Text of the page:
Smooth hydrangea (left), big leaf hydrangea (middle), panicle hydrangea (right). Only the first and last should be pruned in spring.
It’s unavoidable. A few warm days, birds chirping, snow melting, and crocuses sprouting can only mean one thing. Time to get those pruners out and do a little trimming.
When it comes to hydrangeas, however, incorrect pruning is the biggest reason for lack of flowers. That’s because we prune them at the wrong time. So, let’s get it straight once and for all.
Pruning New Wood
The ones you can prune in early spring are those that flower on stems they will grow this year, i.e. on new wood. Easier said than done, since most of us don’t know which ones we have and what kind of wood they have. Let’s drill down a little deeper to figure that out.
Flower Shape and Foliage Clues
You can tell your hydrangeas apart by noticing the flowers and/or foliage.
If the flowers are big, round, and either white or shades of pink, and it blooms early in the season, you have a smooth hydrangea, also called a woodland hydrangea. Botanically it’s known as Hydrangea arborescens. Varieties like ‘Annabelle’, ‘Haas’ Halo’, Incrediball® and Invincibelle® Spirit are among the smooth hydrangeas in today’s market. Smooth hydrangeas never have blue flowers.
When your flowers are football- or cone-shaped, you have either a panicle or oak leaf hydrangea. Flowers start out cream, white or green, and age to shades of pink. No blue flowers ever on either of these two varieties.
Your panicle hydrangea (H. paniculata), which includes such cultivars as ‘Limelight,’ Vanilla Strawberry™, Pinky Winky®, Bobo®, Strawberry Sundae®, etc.) flowers on the wood it will produce in the coming months, i.e. on new wood.
Now you know that new wood flowering hydrangeas (smooth and panicle) are the only ones you should be pruning in spring. All the other flowers on old wood. If you cut the old wood bloomers too early, i.e. any time in spring, you risk losing your flowers.
How Much to Cut
You can take your smooth hydrangeas down to about 18–24 inches (45–60 cm). But don’t go further than that, if even that much. You need strong stems to hold up the flowers, especially after a rainstorm. The older the stems are, the stronger they become so let them be. You can even leave up a few taller stems to form a supporting framework. They will disappear into the plant once it leafs out.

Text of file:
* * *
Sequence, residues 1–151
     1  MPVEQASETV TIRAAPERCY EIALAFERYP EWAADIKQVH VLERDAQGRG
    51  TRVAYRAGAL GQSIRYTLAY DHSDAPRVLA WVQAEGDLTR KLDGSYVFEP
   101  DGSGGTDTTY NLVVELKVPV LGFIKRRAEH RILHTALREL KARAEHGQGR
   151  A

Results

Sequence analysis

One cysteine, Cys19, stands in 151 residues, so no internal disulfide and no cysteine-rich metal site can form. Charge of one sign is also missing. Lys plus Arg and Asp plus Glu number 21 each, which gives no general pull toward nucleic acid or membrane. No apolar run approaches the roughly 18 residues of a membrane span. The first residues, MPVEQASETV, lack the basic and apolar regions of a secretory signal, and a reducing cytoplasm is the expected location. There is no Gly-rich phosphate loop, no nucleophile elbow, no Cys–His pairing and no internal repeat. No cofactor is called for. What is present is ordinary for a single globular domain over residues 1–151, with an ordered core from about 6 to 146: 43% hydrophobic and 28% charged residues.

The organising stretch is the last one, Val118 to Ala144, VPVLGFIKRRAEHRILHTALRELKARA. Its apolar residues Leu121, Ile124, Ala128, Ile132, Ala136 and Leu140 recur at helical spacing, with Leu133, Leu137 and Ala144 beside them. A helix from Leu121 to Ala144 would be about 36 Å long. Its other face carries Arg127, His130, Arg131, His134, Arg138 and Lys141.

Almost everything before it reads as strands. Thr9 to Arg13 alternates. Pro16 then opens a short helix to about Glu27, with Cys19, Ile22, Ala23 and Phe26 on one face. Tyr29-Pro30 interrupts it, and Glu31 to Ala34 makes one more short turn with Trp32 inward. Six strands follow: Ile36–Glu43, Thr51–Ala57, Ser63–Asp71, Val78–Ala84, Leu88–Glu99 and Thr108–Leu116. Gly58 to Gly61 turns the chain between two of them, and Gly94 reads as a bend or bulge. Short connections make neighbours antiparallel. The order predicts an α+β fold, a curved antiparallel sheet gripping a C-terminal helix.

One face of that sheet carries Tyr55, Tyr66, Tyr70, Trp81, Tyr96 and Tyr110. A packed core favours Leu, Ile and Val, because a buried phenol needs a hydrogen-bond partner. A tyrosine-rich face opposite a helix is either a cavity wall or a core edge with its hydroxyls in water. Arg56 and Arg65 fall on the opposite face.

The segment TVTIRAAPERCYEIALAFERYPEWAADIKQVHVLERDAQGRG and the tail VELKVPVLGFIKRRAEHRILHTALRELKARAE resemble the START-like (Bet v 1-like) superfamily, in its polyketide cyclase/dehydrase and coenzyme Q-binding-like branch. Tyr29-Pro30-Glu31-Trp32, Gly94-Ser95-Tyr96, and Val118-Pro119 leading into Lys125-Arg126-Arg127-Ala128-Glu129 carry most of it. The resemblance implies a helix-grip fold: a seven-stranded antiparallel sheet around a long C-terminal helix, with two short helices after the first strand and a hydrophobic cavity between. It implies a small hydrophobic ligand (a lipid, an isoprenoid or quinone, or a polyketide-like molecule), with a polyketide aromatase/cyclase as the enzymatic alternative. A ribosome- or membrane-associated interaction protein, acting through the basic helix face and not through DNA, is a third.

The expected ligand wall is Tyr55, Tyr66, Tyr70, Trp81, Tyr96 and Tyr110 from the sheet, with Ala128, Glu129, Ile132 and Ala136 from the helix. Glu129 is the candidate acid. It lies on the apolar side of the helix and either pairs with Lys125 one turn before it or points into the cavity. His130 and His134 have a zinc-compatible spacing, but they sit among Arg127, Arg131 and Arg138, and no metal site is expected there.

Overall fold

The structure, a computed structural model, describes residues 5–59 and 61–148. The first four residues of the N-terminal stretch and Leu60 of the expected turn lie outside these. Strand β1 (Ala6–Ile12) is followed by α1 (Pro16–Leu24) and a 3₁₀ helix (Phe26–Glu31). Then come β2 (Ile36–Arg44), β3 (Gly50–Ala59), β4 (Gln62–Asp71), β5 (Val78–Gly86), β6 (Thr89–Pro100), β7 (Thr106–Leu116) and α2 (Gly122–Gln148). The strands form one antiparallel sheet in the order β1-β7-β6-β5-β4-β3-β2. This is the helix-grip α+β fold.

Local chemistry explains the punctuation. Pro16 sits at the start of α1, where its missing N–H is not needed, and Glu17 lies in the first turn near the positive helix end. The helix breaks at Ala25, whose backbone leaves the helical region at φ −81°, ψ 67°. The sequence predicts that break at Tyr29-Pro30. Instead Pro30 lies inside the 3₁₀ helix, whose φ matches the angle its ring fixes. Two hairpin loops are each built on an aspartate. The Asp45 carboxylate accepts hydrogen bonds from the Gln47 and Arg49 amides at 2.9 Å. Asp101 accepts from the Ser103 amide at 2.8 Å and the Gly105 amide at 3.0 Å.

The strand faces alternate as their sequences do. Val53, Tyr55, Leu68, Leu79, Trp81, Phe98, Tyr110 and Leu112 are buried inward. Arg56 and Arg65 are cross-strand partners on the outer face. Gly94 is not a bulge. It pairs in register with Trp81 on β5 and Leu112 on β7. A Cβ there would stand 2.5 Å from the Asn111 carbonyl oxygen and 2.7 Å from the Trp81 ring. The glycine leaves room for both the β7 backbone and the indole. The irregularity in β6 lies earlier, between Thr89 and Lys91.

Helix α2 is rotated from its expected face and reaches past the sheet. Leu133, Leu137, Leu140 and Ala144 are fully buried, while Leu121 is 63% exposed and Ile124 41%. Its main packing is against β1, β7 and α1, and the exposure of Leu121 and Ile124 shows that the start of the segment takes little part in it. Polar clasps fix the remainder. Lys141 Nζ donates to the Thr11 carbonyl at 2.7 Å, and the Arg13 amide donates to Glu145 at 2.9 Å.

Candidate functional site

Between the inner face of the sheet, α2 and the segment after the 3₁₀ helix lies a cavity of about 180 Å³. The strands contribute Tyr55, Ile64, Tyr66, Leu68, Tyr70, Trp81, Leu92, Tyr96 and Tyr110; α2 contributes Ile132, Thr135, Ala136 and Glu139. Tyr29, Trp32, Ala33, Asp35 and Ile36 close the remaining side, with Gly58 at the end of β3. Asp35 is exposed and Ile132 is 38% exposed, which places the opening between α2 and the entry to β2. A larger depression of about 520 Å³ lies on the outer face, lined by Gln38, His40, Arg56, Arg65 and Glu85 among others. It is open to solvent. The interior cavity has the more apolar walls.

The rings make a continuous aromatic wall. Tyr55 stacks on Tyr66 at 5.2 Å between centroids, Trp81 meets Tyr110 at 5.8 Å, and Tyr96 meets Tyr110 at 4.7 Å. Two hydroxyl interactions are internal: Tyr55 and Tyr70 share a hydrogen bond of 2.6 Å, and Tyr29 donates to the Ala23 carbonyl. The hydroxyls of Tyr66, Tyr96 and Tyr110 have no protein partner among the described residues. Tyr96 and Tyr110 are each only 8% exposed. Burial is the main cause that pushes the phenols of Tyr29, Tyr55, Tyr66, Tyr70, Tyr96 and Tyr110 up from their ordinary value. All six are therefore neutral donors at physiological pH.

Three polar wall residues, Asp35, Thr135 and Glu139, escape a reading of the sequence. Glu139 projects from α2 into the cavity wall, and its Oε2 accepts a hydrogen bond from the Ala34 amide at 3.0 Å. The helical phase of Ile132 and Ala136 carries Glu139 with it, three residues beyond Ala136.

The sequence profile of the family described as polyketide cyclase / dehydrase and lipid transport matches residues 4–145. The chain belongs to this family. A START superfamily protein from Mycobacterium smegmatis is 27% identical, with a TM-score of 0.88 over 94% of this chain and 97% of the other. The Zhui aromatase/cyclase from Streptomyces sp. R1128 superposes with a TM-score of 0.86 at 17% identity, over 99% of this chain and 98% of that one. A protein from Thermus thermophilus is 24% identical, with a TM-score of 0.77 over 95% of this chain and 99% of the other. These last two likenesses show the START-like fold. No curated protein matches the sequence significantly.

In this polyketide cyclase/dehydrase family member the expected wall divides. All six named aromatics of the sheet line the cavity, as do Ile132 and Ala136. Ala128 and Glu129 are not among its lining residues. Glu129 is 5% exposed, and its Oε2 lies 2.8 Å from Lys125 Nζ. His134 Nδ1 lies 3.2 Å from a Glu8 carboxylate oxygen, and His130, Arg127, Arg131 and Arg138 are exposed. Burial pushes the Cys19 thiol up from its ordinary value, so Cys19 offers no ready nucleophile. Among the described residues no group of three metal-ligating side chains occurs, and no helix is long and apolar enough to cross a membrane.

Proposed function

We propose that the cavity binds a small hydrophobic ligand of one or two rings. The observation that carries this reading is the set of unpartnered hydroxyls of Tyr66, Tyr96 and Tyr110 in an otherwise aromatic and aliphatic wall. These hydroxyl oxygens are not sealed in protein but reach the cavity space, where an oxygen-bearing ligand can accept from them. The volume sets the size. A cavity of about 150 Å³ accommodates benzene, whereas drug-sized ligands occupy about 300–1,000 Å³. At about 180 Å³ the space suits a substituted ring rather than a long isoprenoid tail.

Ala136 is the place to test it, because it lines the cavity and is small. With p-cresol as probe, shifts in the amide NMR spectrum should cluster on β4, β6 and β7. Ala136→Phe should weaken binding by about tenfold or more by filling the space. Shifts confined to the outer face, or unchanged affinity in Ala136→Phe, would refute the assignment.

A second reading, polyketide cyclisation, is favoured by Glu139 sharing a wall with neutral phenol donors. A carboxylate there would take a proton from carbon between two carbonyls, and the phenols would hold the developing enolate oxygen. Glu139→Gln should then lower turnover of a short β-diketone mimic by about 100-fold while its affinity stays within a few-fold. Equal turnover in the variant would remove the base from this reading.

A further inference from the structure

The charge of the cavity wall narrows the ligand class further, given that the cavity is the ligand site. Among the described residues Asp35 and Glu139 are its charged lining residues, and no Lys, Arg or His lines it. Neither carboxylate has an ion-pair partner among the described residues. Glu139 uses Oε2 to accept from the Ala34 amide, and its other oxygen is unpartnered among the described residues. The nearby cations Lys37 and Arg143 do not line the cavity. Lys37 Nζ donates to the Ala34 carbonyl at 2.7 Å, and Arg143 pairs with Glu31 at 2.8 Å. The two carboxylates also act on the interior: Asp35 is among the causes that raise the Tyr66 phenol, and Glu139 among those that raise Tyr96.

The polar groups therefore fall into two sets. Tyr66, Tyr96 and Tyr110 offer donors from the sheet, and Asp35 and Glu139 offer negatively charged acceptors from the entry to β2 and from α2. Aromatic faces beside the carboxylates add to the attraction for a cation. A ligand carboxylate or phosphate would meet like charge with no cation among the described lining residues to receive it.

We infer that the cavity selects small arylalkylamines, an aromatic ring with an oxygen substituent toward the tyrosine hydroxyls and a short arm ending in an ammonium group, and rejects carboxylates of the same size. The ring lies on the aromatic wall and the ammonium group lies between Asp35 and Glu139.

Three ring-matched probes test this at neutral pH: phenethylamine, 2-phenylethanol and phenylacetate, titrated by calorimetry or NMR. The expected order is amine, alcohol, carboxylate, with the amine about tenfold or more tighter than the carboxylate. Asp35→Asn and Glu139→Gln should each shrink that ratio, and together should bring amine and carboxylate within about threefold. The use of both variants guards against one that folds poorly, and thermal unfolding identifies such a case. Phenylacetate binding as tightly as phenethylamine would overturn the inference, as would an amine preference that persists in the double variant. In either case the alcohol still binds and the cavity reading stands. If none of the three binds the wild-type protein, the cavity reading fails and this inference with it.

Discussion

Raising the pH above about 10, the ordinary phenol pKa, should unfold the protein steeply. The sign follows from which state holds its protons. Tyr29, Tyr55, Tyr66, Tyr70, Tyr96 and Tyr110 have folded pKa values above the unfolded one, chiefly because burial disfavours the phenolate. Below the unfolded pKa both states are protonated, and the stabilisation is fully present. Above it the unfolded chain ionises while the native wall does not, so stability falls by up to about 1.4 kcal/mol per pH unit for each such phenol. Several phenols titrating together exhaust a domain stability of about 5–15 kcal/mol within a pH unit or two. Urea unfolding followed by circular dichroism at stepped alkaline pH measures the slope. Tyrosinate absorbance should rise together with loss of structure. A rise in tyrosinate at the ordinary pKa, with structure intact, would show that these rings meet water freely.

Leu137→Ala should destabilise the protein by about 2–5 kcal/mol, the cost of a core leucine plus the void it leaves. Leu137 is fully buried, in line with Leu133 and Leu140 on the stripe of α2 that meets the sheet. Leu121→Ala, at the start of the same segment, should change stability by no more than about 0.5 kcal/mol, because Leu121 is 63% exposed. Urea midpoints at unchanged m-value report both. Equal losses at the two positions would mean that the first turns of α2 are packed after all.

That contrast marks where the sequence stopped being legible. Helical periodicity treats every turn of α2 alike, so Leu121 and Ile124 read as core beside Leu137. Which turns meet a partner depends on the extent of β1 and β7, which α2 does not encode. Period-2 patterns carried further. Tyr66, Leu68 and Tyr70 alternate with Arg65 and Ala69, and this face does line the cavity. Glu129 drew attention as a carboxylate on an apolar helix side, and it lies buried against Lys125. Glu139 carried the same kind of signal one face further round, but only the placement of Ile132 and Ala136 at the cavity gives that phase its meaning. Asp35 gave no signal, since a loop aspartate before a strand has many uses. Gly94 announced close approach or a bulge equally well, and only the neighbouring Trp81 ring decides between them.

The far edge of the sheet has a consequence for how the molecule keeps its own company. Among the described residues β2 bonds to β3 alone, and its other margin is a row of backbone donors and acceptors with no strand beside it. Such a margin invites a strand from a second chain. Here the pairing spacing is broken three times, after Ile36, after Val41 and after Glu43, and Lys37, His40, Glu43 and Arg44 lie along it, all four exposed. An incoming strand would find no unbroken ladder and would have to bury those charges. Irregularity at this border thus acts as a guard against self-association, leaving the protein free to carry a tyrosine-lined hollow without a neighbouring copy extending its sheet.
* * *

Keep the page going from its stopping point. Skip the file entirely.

For your panicle hydrangeas, you can cut them down by at least one third. You might want to take even more if the plant has become distorted from snow load and other causes.
Be comforted in knowing it’s very hard to make a mistake when it comes to pruning new wood hydrangeas. They are very forgiving in that they always grow back and fill in.
What About Old Wood Hydrangeas?
These are the ones I call the troublemakers. Old wood hydrangeas come in a few flavors. Some are the ones with the round flowers that you can sometimes change to shades of pink or blue. They can either be mountain hydrangeas (H. serrata) or big leaf hydrangeas (H. macrophylla). Climbing hydrangeas (H. petiolaris) and oak leaf hydrangeas (H. quercifolia) also flower on the growth they produced last year.
If the foliage looks like an oak tree, you have an oak leaf hydrangea. How’s that for an easy identification? You might have ‘Alice’, ‘Snowflake’, or ‘Snow Queen’ among others. The oak leaf hydrangea flowers this year on the growth it put on last year, i.e. on old wood. The flower buds aren’t very hardy, so it likely won’t flower at all in cold climates.